Optimal calibration and sampling design for hydraulic network models (1997-2000)

Funding body: Teaching Company Directorate, DTI and Ewan Optimal Solutions Ltd.

Calibration of computer models for network analysis is a regular component of the model building process. The process generally first involves a series of field tests during which pressures and flows are recorded at strategic locations in the system. This is followed by a desk exercise during which adjustments are made to the roughness values used in modelling the system until a satisfactory match is obtained between modelled and observed values. The selection of a satisfactory set of roughness values can be a tedious business when undertaken by the traditional trial and error approach. In this work, several methodologies were proposed to assist the modeller in the following two tasks: firstly in the selection of sensitive sampling locations in a water distribution system and secondly in the derivation of a good calibrated hydraulic network model. A new calibration approach which consists of adjusting the pipe roughness, the pipe diameter and the nodal demand which certain limits, is proposed by using a genetic algorithm search method.

Three new sampling design approaches were also proposed. The first two approaches rank potential sampling locations based on the shortest path algorithm logic, while the third approach searches for the optimal set of monitoring points by maximising the entropy function using a genetic algorithm search method. The calibration and sampling design approaches are demonstrated by using six hydraulic network models, including three real-life networks. The calibration results show that the genetic algorithm approach consistently achieves more accurate fits than manually worked solutions while the sampling design results demonstrate the potential for financial savings through more efficient equipment deployment.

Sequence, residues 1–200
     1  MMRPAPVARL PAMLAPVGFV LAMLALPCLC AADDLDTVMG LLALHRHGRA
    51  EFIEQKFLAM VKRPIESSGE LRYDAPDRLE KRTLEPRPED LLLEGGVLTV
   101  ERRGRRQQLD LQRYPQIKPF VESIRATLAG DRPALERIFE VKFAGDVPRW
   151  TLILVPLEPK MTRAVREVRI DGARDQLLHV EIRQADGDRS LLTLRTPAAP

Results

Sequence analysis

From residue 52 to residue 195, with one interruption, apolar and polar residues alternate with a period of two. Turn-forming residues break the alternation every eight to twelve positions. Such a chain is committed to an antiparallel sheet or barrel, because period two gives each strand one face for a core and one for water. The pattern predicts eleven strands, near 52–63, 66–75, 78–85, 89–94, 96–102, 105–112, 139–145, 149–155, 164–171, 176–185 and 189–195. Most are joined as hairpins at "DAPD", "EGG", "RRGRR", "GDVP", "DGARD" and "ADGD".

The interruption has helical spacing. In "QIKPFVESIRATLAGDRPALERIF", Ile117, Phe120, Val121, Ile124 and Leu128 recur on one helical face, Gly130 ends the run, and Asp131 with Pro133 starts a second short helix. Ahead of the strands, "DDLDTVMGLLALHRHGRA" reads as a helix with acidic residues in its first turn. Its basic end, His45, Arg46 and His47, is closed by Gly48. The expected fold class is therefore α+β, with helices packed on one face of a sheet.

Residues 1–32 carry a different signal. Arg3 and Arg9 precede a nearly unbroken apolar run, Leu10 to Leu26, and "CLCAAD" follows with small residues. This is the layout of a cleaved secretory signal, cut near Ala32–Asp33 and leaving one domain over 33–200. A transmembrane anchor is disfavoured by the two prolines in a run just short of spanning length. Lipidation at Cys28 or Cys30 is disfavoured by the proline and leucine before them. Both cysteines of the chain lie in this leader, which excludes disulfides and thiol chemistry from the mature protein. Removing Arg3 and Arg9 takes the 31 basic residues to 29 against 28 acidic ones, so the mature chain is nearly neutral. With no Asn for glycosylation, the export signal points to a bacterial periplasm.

• De Schaetzen, W.B.F. (2000) Optimal Calibration and Sampling Design for Hydraulic Network Models, PhD thesis, University of Exeter.
  • De Schaetzen, W.B.F., G.A. Walters and D.A. Savic, (2000), Optimal Sampling Design for Model Calibration Using Shortest Path, Genetic and Entropy Algorithms, Urban Water, Vol. 2, No. 2, pp. 141-152.
  • De Schaetzen, W., V.J. Ewan, D.A. Savic and G.A. Walters (1998), A Genetic Algorithm Approach for Rehabilitation in Water Supply Systems, International Conference on Rehabilitation Technology for the Water Industry, Lille, France, 23-25 March.
  • De Schaetzen, W., D.A. Savic and G.A. Walters (1998), Genetic Algorithms for Pump Scheduling and Cost Optimization in Water Supply Systems, Hydroinformatics 98, Babovic, V. Larsen, L.C. (eds.), Balkema, Rotterdam, pp. 897-899.
  • Walters, G.A., D.A. Savic, M.S. Morley, W. de Schaetzen and R.M. Atkinson (1998) Calibration of Water Distribution Network Models Using Genetic Algorithms, in Hydraulic Engineering Software VII, Blain, W.R. (ed.), Computational Mechanics Publications, pp. 131-140.
  • De Schaetzen W., D.A. Savic, G.A. Walters and M. Randall-Smith (1999) Optimal Loger Density in Water Distribution Network Calibration, in Water Industry Systems: Modelling and Optimisation Applications, Vol. 1, Savic, D.A. and G.A. Walters (eds.), Re-search Studies Press, Baldock, Hertfordshire, England, pp. 301-308.

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